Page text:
Love your last line. Kimberly

    • Jayson says:

      Thanks Kimberly, Yup, good therapy can accelerate the process on the path. And yes, I agree. “helpers” and rescuers out there are often helping in very self-serving, neurotic ways. Thanks for the support and for doing your part as a yoga teacher!

  6. Jonathan says:

    Hey Jayson,

    This hits close to the mark for me, in that often times, I’ve overlooked and have not taken time to experience the true feelings, instead feeling like I should just move towards acceptance and “compassion.” It’s happened everywhere from relationships to friendships and acquaintances.

    The question I’m feeling into right now is how do you skip judgment and move into true compassion? Often when someone does something that is way off mark, I’ll assign a hypothetical reason to it – “Because of their relationship with their father or mother or blah” – and it’s totally got no basis in reality, but it’s a reason and it’s helped me understand **potentially** where an action is coming from.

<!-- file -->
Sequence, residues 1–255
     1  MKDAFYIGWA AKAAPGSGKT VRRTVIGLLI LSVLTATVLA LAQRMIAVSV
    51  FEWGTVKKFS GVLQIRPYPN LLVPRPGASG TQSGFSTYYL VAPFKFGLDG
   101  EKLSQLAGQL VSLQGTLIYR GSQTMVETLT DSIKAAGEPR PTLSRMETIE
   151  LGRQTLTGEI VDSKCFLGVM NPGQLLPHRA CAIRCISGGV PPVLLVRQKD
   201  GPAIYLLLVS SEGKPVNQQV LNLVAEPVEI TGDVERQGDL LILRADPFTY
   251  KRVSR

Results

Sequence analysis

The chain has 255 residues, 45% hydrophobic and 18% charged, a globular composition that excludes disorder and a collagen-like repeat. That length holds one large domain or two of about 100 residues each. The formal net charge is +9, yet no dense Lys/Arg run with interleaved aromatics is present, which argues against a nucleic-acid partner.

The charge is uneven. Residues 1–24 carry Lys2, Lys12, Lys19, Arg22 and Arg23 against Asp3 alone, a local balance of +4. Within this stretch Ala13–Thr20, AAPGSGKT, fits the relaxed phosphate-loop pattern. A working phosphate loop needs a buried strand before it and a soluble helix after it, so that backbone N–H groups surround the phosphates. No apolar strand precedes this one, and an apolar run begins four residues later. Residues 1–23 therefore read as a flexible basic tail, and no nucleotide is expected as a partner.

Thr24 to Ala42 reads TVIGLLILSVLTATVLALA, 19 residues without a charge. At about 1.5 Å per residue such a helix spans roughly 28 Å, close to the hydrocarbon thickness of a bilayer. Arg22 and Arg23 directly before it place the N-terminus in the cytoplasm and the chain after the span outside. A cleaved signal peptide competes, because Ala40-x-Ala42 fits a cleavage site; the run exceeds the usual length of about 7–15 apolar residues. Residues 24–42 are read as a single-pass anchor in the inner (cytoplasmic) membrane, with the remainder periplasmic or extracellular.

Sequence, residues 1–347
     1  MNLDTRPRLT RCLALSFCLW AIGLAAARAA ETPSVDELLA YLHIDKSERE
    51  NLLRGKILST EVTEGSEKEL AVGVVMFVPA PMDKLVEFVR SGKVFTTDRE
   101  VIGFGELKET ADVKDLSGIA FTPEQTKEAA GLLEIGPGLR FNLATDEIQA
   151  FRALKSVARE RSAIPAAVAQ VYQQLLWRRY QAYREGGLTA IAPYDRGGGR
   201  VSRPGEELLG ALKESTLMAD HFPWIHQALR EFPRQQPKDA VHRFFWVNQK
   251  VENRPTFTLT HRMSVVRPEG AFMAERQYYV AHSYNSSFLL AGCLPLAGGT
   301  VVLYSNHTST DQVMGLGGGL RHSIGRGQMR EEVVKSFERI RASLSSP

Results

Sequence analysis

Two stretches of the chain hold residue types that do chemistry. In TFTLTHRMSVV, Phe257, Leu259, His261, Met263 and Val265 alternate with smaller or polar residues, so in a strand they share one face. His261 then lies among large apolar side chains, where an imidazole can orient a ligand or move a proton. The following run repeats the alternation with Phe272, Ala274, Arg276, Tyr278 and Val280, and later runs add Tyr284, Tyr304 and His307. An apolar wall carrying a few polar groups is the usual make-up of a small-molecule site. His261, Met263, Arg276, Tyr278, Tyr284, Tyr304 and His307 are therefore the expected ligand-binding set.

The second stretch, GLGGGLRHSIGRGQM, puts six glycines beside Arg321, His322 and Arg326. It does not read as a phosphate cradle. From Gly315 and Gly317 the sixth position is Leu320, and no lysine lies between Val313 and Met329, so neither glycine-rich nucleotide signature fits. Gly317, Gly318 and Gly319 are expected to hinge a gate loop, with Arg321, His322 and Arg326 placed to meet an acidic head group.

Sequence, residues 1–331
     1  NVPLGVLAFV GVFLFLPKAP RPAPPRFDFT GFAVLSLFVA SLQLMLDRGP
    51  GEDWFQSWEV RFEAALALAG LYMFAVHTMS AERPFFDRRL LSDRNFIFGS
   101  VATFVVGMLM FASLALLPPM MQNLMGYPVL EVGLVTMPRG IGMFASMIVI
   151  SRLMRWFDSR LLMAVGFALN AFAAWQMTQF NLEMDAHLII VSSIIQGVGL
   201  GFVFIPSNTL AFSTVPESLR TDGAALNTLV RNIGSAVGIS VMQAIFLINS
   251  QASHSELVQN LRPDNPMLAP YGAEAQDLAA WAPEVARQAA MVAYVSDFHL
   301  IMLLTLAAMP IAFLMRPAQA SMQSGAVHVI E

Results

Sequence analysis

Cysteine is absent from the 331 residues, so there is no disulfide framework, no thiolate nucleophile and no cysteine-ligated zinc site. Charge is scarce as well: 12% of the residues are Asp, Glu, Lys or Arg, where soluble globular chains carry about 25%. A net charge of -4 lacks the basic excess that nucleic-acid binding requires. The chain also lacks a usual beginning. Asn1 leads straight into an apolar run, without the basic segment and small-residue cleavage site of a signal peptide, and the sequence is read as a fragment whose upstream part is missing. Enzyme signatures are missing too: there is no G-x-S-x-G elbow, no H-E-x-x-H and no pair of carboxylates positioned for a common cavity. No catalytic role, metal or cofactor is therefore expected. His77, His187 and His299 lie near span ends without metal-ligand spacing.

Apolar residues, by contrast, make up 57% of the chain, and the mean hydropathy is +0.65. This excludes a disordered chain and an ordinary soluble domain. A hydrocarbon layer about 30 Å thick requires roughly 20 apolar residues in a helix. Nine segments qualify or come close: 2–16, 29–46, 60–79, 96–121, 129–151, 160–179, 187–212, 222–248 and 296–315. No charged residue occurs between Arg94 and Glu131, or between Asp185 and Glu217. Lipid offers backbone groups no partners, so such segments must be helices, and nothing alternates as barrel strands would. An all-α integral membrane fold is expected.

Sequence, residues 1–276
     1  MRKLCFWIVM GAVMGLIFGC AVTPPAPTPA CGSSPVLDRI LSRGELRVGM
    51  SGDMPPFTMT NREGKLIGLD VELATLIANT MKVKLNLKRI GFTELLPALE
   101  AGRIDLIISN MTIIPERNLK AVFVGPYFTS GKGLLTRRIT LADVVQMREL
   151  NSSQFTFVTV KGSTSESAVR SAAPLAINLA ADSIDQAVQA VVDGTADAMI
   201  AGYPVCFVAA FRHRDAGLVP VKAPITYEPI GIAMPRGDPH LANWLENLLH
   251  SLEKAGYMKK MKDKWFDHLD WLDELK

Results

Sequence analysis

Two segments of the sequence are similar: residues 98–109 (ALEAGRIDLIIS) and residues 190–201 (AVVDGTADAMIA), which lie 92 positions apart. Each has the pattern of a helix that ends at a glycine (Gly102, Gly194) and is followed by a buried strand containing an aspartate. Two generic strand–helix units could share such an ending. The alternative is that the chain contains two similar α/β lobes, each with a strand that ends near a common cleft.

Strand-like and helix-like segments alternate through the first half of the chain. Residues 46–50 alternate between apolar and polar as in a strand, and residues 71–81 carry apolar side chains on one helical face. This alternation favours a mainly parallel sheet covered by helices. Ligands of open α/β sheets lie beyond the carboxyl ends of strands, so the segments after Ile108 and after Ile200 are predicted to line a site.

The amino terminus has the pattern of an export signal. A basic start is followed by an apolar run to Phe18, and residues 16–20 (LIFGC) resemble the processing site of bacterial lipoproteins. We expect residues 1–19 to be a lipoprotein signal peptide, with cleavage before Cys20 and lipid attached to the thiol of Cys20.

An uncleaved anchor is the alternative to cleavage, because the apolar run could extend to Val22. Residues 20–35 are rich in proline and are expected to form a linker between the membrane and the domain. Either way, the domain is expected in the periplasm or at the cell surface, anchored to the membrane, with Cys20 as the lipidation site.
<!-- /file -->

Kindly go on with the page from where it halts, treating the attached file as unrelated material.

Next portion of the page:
Looking forward to your insights bro,


    • Jayson says:


      you asked “how do you skip judgment and move into true compassion?”

      good one. I personally don’t try skipping any judgments anymore. just have them, own them and get curious, not so much about them, but what it’s triggering in you. stay on your side, instead of analyzing them or making up a story about them.

      true compassion ain’t going to happen by trying to avoid our judgmentalism.

      it’s likely that you are caught in a more subtle way of judging yourself and just projecting it outward. my 2 cents. :)

  7. robert says:

    Very beautiful and right on target. If I lived near Boulder, I would be inclined to join one of groups. Suffering is not “error”, and looking it in the face is usually (in my experience) the cleanest road to freedom. Thanks for being real. Love- RC

  8. Justice says: